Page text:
California already drove out much of its middle class, and now the “regular rich” are heading for the exits. That leaves the super-rich and the poor — a situation fairly described as feudal.

UNEXPECTEDLY: Millionaires Flee California After Tax Hike.

Prop. 30 raised the state’s top income tax rate by more than 29%, increasing it three percentage points from 10.3% to 13.3%, which is now the highest state income tax rate in the nation. Prop. 30 also hiked the tax rate on income between $300,000 and $500,000 by two percentage points (a 21.5% rate increase), and raised the rate on income between $500,000 and $1,000,000 by three percentage points (a more than 32% rate hike).

In 2016, California voters extended the Prop. 30 income tax increases, which were originally scheduled to expire in 2019, until 2030. There will be an effort to extend those income tax hikes yet again prior to their expiration in 2030; book it now.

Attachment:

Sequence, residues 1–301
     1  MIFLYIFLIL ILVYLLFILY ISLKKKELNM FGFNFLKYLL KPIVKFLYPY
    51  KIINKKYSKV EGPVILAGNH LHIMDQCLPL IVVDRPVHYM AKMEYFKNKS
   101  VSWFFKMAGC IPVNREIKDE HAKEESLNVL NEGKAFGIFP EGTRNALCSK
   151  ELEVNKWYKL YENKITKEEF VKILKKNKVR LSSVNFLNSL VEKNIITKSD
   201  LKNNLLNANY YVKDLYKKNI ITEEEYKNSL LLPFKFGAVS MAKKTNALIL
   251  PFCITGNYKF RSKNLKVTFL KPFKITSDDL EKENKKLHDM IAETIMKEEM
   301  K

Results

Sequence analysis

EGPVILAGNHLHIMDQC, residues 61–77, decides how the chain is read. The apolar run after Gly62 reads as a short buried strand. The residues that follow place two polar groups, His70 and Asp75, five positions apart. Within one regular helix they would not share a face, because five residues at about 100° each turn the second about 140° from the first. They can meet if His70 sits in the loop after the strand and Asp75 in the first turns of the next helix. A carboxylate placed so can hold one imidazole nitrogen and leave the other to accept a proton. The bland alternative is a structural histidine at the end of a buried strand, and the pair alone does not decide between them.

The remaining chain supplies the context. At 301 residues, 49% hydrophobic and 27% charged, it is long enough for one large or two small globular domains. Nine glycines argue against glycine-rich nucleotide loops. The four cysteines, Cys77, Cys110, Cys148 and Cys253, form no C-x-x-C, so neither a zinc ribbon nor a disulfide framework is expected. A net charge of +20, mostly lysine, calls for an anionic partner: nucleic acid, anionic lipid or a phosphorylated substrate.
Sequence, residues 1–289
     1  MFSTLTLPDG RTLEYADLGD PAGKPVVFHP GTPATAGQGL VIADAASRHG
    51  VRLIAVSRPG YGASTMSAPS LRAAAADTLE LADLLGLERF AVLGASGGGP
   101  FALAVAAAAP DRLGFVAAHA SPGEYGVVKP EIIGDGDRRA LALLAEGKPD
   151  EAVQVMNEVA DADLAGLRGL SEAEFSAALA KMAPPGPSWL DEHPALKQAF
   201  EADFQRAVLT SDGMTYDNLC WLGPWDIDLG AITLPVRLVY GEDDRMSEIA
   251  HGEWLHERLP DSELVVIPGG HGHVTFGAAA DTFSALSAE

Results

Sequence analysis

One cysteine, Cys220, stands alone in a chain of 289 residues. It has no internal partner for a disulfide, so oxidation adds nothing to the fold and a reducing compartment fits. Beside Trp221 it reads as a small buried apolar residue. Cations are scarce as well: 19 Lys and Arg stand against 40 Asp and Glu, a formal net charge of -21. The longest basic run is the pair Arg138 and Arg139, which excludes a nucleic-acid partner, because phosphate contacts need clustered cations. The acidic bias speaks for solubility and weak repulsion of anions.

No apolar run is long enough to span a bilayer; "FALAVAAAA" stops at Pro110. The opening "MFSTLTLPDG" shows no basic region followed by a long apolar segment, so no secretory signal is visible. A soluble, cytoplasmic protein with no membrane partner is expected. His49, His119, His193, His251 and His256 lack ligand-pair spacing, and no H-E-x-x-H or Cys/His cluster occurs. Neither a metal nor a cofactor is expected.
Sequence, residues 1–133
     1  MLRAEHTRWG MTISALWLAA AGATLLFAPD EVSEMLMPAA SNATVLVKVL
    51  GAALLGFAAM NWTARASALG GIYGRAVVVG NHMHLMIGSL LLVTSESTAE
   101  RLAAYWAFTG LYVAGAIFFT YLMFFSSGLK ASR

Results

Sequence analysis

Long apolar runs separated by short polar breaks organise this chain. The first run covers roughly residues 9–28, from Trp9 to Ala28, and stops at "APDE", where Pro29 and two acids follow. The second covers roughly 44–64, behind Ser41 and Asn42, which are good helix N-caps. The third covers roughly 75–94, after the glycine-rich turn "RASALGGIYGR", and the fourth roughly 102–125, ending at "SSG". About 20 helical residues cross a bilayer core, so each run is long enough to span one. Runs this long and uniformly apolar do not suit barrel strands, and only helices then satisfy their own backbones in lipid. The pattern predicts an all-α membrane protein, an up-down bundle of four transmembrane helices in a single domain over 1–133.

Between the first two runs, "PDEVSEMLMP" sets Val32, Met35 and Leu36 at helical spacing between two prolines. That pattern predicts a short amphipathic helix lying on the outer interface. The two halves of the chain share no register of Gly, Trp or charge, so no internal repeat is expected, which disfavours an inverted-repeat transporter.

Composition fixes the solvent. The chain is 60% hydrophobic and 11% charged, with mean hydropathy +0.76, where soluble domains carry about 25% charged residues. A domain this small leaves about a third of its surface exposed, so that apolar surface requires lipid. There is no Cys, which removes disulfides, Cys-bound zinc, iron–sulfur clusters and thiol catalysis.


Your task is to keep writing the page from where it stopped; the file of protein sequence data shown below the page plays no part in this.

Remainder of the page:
Varner’s new research examined taxpayers who were and were not hit by the Prop. 30 rate hikes. He found that in the two years before the Prop. 30 tax hike was imposed (2011 and 2012), net in-migration for both groups “was positive and roughly constant.” Yet following 2012 and the passage of Prop. 30, net in-migration dropped for households that were facing an effective tax increase of 0.5 percent or more. The reduction was greatest for households facing the highest effective tax hike, according to Varner and his coauthors.

This isn’t surprising for those who are familiar with other attempts to soak the rich with punitive state income tax hikes on high earners.

 

h/t SG

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